By Stephen E. Schmid

Climbing - Philosophy for Everyone presents a suite of intellectually stimulating new essays that handle the philosophical concerns with regards to probability, ethics, and different features of mountaineering which are of curiosity to everybody from beginner climbers to professional mountaineers.

  • Represents the 1st number of essays to completely tackle the various philosophical points of mountain climbing
  • Includes essays that problem more often than not authorised perspectives of mountain climbing and mountain climbing ethics
  • Written accessibly, this e-book will entice every person from beginner climbers to pro mountaineers
  • Includes a foreword written through Hans Florine
  • Shortlisted for the Boardman Tasker Prize for Mountain Literature, 2010

Content:
Chapter 1 mountaineering and the Stoic perception of Freedom (pages 11–23): Kevin Krein
Chapter 2 threat and gift (pages 24–36): Paul Charlton
Chapter three Why Climb? (pages 37–48): Joe Fitschen
Chapter four Jokers at the Mountain (pages 49–64): Heidi Howkins Lockwood
Chapter five excessive Aspirations (pages 65–80): Brian Treanor
Chapter 6 greater than Meets the “I” (pages 81–92): Pam R. Sailors
Chapter 7 hiking and the price of Self?Sufficiency (pages 93–105): Philip A. Ebert and Simon Robertson
Chapter eight It Ain't speedy nutrition (pages 106–116): Ben Levey
Chapter nine Zen and the paintings of mountain climbing (pages 117–129): Eric Swan
Chapter 10 Freedom and Individualism at the Rocks (pages 131–144): Dane Scott
Chapter eleven carry production (pages 145–157): William Ramsey
Chapter 12 The Ethics of loose Soloing (pages 158–168): Marcus Agnafors
Chapter thirteen Making Mountains out of lots (pages 169–179): Dale Murray
Chapter 14 From path discovering to Redpointing (pages 181–194): Debora Halbert
Chapter 15 Are You skilled? (pages 195–205): Stephen M. Downes
Chapter sixteen what's a mountain climbing Grade besides? (pages 206–217): Richard G. Graziano
Chapter 17 the wonderful thing about a Climb (pages 218–229): Gunnar Karlsen

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Extra info for Climbing - Philosophy for Everyone

Example text

Obviously, being a climber does not preclude one from doing other things with one’s life. One can be a climber and a philosopher – indeed, some are. But many of us recognize that our climbing has involved sacrifices in other arenas of our lives. Climbing can derail our focus on other, possibly more beneficial pursuits. A second criticism is that climbing is an activity that has little social value and only serves the climber’s self-interests. In our focus on climbing, we may neglect responsibilities to our families, communities, and societies.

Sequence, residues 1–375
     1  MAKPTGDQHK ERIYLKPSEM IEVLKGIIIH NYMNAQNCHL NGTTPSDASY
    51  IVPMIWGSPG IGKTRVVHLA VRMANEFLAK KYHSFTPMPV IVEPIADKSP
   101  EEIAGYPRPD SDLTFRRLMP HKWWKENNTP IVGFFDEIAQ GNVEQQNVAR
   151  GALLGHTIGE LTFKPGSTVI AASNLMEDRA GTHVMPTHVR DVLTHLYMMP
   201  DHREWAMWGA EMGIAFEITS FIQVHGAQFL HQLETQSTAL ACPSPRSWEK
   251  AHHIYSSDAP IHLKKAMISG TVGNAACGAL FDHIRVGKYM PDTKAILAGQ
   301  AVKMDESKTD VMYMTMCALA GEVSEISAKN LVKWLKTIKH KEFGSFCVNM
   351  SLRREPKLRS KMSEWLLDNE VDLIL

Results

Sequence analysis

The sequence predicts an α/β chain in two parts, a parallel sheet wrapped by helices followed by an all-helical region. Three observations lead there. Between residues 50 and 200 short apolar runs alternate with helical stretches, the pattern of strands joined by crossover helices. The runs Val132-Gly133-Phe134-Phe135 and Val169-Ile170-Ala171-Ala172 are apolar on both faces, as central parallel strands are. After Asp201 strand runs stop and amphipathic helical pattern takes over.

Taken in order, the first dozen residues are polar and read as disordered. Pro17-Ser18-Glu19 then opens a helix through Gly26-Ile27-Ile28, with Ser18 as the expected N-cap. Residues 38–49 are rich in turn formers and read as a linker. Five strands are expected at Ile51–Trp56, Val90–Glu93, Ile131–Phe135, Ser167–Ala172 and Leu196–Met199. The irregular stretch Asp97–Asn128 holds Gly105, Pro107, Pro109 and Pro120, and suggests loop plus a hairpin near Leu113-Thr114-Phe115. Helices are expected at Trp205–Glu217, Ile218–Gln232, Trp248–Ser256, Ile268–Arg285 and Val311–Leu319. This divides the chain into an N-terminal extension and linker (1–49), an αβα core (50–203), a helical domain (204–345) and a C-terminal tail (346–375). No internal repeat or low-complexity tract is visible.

It’s this additional risk and its potential for real consequences that must be weighed. I mentioned earlier that blindly accepting risk is unjustifiable. Engaging in risky behavior for no reason at all, oblivious to the ramifications of our behavior, is indefensible. If the risks I take climbing start to resemble Russian roulette, and I can’t give a solid, well-reasoned justification for why I am assuming this risk, then I need to call the Moral Mountain Rescue Squad. But justifying risk is complicated because accurately predicting the outcomes of our actions can be hard.

Joy, happiness, glee, and relief can all be found in overcoming difficulties, and the difficulties of climbing can sometimes be extreme. Climbing, though, can lead to an emotion not often found in other sports – serenity. This often comes from the slow pace of climbing and is probably experienced more by the belayer than the climber, or it may waft over the climbers at the end of a climb. In my experience, at least, it is an emotion that lasts longer than the negative emotions that also often accompany a climb: “Yes, I was afraid and frustrated and even angry at my ineptness (and perhaps at my climbing partner), but in spite of all that this was where I wanted to be; I felt as if I could stay here forever, felt as if everything I wanted was at hand.

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